So along with  new observations   we might have to find new langages (not only based on numbers).  Of course we can't throw away number. But what else can we do with them? Do we need the  continuity given by real numbers? Is integral calculus still the only way?

So making fondamental research is some kind of reverse engineering toward a langage we don't even know. Would  people working on language and people making even simple models be useful?

After  hours of trying to study the book written by Gyorgy E.Revesez (introduction to formal langage), I haven't been able to fully understand any of the proof given for the theorems. If I say "fully" it is just because I don't want to be too hard with myself. Even understanding some theorem concepts is a problem. I don't know the reasons: perhaps I am to old or I stayed to much time without training my brain or I got unwillingly some pils that weaken intellectual abilities.

They decided that I am  a kind of  Jean Paul Farré but I don't have his talent. I just like to amuse people and myself. It is not easy with science. Science isn't an entertainment but music is.

To illustrate the kind of difficulties I have with the introduction to formal language, I'll give this example and later an attempt to resolve the problem in a way that allow somebody like me who doesn't have the training or the gifts. Some people  might find this as ridiculous as counting with your hand-fingers.


and the proof in a form of an algorithm: I'm a programmer.

if P=a^i b1 W1 b2 W2 .... bi Wi = a^iX
then X=b1 WA b2 W2 ....biWi and we have  i more b's  in X than a's.
Na(X) +i  = Nb(X)
the character at the beginning of X is X[0 ] =b1
if X1 = X[1,len(X)]   substring of X from pos 1 to the end
we have Na(X1) + i -1 = Nb(X1)
As far as we haven't encountered all the bi's they are more b's than a' in Xn

If Xn beginns with a 'a' we are sure to find a string Wi=Xn[n,n+k)] in Xn. (with n+k=<len(X))
Suppose we start with k=1
we have Wi="a" and Nb(Wi)-Na(Wi) = -1
when we reach n+k we will have    Nb(Wi)-Na(Wi) = i -1 >=0 (by incrementing or decrementing)
So we will find a k where Nb(Wi)-Na(Wi)  = 0
But Wi  must be followed by a 'b'
if Xn beggins with a 'b' we will consider this as a bi that counter balance the ai's at the beginning of P. When we have found all of them n the remaining string has surely Na=Nb

Now the pgm.
#!/bin/python
'''

'''
import re as RE
              
class TestA():
    '''
    Split a word P | Na(P)=Nb(P) and P=a^i b1 W1 b2 W2b .....bi Wi
    we want to get w1,W2....wi in a list
    and rebuild P from it to copare to the original P
    '''
    def __init__(self,P):
              
        if len(P) % 2 == 0 and len(P) != 0:
              self.P = P
        else:
            raise Exception("P must have even length and not empty")
        
        if not self.NaEqNb(P) :
            raise Exception("P must have Na = Nb ")
        
        if P[0] == "a":
            try:
                match = RE.match( "(a+)(b.*)$", P )
            except:
                raise Exception("P doesn't match '(a+)(b.*)$' -> %s" %(P,))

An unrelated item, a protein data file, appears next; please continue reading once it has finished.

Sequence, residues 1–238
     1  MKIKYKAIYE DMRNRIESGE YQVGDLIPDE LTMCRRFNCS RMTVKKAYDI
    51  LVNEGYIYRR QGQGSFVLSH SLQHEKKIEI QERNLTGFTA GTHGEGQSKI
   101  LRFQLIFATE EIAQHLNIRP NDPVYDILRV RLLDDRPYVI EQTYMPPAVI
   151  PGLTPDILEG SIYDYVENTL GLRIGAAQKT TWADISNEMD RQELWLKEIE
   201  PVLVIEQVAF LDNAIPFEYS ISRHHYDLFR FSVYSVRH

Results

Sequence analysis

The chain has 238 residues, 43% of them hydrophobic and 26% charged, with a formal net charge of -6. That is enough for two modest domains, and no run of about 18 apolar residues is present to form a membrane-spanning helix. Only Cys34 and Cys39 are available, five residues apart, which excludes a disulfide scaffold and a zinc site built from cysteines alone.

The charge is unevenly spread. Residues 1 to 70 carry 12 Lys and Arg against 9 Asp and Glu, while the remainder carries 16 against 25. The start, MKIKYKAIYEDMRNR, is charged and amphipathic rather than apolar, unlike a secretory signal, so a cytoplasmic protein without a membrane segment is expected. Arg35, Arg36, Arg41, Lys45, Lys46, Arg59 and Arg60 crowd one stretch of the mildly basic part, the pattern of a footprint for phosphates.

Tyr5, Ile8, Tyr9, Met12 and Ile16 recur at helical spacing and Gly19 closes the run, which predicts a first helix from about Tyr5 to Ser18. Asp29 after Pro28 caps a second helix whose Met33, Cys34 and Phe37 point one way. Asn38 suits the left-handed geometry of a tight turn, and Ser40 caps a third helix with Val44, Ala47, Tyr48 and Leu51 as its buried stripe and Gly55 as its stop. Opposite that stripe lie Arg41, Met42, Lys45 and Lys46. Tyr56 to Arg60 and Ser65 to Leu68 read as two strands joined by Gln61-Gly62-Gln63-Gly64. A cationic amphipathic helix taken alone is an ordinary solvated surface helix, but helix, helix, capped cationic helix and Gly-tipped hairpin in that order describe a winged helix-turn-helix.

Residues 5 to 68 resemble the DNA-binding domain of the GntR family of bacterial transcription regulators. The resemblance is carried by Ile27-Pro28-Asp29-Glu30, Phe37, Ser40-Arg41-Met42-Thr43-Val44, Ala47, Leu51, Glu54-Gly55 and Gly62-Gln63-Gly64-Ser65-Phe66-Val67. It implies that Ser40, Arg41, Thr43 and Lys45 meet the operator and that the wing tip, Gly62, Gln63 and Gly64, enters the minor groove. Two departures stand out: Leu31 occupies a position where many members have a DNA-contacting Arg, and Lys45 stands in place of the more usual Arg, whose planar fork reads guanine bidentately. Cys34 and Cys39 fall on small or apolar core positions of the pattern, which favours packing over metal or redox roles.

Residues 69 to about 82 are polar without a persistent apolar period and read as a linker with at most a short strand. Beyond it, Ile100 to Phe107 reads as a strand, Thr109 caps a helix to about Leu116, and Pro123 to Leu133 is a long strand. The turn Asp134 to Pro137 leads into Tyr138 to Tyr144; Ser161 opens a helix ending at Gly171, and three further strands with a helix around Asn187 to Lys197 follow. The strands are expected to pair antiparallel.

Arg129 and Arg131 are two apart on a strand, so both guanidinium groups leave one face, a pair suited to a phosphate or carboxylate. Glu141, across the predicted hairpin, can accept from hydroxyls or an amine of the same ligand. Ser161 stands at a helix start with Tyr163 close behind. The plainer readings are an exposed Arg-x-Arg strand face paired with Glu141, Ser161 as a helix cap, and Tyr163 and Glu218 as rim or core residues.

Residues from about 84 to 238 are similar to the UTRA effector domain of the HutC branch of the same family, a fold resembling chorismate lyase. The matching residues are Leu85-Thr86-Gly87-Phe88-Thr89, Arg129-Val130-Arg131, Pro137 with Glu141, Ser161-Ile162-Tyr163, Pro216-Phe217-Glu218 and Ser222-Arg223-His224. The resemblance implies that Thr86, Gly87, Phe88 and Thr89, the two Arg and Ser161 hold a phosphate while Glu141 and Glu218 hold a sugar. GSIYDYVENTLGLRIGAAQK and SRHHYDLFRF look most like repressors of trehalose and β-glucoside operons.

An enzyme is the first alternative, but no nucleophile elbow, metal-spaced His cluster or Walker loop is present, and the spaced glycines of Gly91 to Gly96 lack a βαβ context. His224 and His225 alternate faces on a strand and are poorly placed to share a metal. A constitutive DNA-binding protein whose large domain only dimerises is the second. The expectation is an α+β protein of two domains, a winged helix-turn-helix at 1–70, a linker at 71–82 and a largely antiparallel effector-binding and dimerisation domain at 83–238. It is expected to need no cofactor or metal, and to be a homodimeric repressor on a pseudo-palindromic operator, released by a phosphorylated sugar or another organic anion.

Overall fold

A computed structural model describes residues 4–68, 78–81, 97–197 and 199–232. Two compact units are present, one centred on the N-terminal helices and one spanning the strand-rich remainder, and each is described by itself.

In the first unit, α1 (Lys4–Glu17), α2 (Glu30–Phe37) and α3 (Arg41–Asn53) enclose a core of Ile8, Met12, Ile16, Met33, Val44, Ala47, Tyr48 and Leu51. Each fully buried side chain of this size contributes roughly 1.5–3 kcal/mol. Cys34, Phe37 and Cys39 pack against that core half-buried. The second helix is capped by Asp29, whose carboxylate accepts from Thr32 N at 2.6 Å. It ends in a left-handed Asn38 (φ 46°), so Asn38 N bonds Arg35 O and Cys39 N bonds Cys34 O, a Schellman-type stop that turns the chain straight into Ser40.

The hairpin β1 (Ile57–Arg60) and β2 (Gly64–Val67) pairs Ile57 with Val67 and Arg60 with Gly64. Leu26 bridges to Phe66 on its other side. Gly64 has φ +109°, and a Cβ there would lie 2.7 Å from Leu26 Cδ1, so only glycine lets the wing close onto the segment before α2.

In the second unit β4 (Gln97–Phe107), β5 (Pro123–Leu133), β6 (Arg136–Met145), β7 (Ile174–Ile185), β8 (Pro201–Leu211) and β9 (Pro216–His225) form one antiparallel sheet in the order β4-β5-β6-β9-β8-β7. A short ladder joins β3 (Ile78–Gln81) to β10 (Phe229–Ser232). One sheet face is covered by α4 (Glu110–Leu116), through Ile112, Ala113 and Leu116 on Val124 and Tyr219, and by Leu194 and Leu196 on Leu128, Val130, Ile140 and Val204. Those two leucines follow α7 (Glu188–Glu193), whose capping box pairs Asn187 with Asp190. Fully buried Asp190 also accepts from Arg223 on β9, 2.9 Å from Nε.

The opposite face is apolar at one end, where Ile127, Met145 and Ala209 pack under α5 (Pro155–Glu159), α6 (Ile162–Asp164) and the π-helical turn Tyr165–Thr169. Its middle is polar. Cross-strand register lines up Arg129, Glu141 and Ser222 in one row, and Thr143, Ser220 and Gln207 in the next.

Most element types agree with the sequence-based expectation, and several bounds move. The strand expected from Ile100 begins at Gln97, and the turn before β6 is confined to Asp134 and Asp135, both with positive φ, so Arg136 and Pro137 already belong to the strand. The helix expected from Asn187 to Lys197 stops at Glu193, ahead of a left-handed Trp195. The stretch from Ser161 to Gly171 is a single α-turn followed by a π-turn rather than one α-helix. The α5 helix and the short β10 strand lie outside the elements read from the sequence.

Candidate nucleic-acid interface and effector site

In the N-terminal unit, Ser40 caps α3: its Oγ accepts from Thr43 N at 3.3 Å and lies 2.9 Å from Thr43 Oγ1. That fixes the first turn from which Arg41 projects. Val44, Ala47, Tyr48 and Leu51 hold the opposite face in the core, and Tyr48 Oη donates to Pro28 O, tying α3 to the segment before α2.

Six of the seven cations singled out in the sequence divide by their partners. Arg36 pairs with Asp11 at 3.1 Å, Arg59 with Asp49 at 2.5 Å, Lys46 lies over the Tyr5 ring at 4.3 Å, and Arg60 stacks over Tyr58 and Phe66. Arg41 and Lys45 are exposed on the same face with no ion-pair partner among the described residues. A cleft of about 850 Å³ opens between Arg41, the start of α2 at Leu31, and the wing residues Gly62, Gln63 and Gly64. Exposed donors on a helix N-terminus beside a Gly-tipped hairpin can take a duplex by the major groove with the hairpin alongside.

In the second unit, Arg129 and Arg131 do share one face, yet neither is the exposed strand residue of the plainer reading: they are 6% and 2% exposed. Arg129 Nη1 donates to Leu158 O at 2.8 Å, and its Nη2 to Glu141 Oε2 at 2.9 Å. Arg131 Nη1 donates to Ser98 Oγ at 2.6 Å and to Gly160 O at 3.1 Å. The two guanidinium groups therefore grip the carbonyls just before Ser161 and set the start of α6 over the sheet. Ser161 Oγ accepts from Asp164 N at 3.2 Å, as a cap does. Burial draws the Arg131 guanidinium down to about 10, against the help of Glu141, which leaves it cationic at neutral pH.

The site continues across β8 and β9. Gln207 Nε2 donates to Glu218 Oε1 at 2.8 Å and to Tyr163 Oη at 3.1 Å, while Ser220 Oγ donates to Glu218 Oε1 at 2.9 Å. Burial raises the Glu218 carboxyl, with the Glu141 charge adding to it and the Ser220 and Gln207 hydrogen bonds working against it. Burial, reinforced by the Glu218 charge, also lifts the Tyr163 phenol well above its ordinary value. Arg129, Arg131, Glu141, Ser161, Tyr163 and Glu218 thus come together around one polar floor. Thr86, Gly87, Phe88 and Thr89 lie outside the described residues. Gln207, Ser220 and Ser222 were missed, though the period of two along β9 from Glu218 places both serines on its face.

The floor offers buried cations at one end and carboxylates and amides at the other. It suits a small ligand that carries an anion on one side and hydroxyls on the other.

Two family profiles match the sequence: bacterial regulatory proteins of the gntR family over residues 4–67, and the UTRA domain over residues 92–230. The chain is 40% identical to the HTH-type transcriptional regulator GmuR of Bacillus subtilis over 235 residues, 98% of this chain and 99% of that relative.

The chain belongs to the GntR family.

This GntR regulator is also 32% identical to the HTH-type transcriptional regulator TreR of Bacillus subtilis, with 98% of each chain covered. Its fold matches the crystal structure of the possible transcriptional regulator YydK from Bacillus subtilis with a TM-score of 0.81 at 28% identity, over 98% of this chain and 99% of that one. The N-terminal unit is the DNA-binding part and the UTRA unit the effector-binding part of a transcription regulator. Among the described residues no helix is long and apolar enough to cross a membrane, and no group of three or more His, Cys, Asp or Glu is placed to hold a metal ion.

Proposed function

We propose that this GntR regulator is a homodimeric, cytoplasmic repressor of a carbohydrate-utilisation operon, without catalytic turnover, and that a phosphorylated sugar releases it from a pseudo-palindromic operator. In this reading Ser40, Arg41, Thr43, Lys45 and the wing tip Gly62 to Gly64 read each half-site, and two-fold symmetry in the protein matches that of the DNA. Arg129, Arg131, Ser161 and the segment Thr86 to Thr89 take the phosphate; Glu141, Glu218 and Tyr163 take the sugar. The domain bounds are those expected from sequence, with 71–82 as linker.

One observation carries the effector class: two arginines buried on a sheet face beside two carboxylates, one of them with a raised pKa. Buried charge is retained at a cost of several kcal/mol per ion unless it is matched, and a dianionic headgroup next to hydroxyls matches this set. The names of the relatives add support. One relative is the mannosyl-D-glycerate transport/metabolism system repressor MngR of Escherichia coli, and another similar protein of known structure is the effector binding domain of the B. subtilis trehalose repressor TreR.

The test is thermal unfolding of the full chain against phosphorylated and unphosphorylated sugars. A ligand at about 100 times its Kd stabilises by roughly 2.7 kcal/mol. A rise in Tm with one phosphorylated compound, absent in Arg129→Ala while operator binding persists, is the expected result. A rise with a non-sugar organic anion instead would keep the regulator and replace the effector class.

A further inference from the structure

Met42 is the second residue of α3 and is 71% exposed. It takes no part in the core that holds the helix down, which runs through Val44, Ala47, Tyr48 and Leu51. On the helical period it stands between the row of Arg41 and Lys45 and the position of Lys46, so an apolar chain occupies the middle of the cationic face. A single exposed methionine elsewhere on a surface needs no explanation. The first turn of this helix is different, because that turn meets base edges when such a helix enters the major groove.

self.A="a"
            self.B="b"
            
        elif P[0] == "b":
            try:
                match = RE.match( "(b+)(a.*)$", P )
            except:
                raise Exception("P doesn't match '(b+)(a.*)$' ->%s" %(P,))
            self.A="b"
            self.B="a"
            
        Alist,X=match.groups()
        ##print Alist,X
        self.wlist=[Alist]
        self.X=X
        self.i=len(Alist)
        self.extract(X)

    def NaEqNb(self,X):
            Na = X.count("a")
            Nb = X.count("b")
            if Na == Nb :
                return True
            else:
                return False
        
    def extract(self,X):
              
        n=0
        ii=0
        while n < len(X):

            if ii == self.i :
                # when we have consumed all bi's (from the ai's) 
                # the remaining string is either empty or Na =Nb
                subX=X[n:]
                if self.NaEqNb(subX) :
                    #print "last sub X,ii",subX,ii
                    self.wlist.append(subX)
                    return
                else:
                    raise Exception("Error:Na(X) != Nb(X)")
            # ii < i still have bi's to process
            if X[n] == self.A:                  
                for x in xrange(n+2,len(X)+1,2):
                    subX=X[n:x]
                         
                    if self.NaEqNb(subX) :
                         if  X[x] == self.B:  
                            self.wlist.append(subX)
                            n = x
                            break
            elif X[n] == self.B:
                n += 1
                ii += 1
                self.wlist.append(self.B)
                if n == len(X):
                    self.wlist.append("")
  
                            
              
if __name__ =="__main__":
    '''
    '''    

     sample = ["aabababbab"]
  
    ##print sample
    for P in sample:
        p="".join(P)
        t=TestA(p)
        pp="".join( t.wlist)
        if p != pp:
            raise Exception("P != PP: %s %s" %(p,pp))
        else :
            pass
            #print p,pp, t.wlist
    print "Test ik ok for all asmple"


Fuck!

By looking at  the program made from this algorithm and making several tests I could pretend that the program would never fail  for any P of L in finding this expression: P=a^ibW1bW2....bWi
But could an automatic analysis of the  program say it to me?
Could we have a special language that could be analysed  automatically?
Or could we have something like symbolic calculus for sets and tuples and lists?
It could be the first step in asking machines to take the risks for us,
and mathematicians loosing part of the control they want to keep.